Paired kidney donation is a rare occurrence, but it is possible. According to Donate Life America, one out of every four kidney transplants is made possible through living donors, and one out of every three couples involves spouses. Studies have generally shown that donating kidneys to a spouse has a positive impact on marriage. But what happens when kidney donation occurs outside of marriage? This article looks at the impact on marriage when the gift is made to someone other than the spouse.Karen Angellotti was 30 years old when she was diagnosed with polycystic kidney disease (PKD), an inherited disorder that caused cysts in her kidneys.
Currently, there are over 100,000 people waiting for a life-saving organ transplant, and 85 percent of them need a kidney. The National Kidney Foundation (NKF) is the largest organization dedicated to the awareness, prevention, and treatment of kidney disease.The living gift can come from someone who doesn't have an emotional relationship with the recipient, such as a friend of a friend, a co-worker, a neighbor, or someone who listens through social media. Dean says it was a pleasure to work with Ed and Darlene's attitudes during the process. Darlene says she would have been willing to donate her kidney to someone else if she didn't agree with Ed.The use of living, unrelated donors in kidney transplantation remains controversial, but many transplant centers have accepted this procedure.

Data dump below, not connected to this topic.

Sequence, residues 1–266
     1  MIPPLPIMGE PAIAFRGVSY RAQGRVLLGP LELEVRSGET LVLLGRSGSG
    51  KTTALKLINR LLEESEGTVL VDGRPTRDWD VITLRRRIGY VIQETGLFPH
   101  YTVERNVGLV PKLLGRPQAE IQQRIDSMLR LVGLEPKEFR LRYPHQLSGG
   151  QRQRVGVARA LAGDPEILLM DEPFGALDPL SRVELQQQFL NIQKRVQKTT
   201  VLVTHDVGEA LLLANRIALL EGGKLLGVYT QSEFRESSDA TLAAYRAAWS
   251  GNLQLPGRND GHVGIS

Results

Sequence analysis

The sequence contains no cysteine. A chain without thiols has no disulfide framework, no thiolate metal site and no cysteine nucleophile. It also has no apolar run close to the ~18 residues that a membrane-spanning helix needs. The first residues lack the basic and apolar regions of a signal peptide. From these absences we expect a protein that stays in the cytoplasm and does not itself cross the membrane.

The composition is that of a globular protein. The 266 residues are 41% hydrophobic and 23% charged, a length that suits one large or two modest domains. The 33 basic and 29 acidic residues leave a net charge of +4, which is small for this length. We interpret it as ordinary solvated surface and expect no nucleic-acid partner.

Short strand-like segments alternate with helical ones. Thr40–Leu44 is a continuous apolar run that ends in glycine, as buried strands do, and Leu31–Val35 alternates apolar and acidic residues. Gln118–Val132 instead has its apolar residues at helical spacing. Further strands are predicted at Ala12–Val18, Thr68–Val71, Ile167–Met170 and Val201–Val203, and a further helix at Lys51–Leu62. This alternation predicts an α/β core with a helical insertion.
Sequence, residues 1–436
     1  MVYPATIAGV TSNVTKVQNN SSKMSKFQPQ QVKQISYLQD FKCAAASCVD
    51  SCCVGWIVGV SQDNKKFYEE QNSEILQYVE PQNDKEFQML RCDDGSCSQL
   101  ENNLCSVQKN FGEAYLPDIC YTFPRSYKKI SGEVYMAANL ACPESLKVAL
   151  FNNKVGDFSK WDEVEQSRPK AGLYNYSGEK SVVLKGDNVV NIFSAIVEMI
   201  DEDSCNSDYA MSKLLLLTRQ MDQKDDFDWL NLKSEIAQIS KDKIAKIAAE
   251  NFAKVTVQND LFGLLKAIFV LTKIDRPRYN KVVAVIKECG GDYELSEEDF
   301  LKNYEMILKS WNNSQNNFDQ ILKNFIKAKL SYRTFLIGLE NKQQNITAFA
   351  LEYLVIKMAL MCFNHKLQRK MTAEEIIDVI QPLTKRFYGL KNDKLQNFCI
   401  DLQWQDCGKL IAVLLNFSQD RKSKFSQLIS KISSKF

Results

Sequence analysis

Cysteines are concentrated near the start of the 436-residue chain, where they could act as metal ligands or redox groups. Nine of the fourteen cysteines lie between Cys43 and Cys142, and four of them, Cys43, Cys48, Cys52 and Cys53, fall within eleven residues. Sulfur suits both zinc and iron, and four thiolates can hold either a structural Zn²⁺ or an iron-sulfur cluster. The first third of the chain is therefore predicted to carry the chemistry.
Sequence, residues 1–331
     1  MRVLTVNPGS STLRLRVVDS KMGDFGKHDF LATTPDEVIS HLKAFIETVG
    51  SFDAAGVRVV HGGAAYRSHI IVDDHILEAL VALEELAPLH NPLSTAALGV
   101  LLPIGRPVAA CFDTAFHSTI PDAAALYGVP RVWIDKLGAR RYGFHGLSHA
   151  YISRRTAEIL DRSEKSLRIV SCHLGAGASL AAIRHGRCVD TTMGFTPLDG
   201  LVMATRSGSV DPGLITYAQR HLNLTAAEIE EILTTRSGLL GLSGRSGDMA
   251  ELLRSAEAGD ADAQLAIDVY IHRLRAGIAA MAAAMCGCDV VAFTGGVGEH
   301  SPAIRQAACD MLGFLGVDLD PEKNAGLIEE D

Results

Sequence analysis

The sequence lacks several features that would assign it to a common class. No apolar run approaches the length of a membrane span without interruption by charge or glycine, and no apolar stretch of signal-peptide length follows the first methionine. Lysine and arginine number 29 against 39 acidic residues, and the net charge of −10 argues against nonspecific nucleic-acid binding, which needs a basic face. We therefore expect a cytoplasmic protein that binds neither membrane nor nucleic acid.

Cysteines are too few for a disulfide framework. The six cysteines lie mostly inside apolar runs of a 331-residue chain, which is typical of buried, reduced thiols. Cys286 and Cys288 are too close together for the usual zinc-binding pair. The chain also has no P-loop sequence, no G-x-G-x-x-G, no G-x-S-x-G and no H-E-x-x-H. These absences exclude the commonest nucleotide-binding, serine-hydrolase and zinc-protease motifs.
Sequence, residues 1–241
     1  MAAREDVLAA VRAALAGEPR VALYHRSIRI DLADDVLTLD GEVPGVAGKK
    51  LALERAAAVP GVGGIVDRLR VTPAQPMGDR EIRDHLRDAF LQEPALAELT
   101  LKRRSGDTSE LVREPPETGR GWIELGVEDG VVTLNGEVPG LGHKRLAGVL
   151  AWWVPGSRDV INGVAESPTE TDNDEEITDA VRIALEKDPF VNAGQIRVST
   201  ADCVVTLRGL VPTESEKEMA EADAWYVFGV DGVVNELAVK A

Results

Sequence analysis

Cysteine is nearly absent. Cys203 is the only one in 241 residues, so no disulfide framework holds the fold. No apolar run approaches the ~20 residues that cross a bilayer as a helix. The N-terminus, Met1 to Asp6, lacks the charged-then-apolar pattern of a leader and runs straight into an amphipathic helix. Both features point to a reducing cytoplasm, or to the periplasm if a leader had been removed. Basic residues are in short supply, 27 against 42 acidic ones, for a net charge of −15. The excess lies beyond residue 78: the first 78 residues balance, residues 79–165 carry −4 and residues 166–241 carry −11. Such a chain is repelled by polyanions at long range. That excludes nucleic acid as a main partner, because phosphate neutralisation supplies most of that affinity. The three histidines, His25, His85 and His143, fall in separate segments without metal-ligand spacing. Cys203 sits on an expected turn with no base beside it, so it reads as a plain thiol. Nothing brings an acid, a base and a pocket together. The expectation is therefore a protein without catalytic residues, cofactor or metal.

April is National Giving Life Month and today is Living Donor Day, a time to celebrate all those who gave the gift of life.This is the first study to evaluate the effect of kidney donation on marriage when the spouse is not the recipient. A living donation is when a living person donates an organ (or part of an organ) for transplant to another person. Sometimes, the kidney is lost due to rejection, surgical complications, or the original disease that caused the recipient's kidney failure.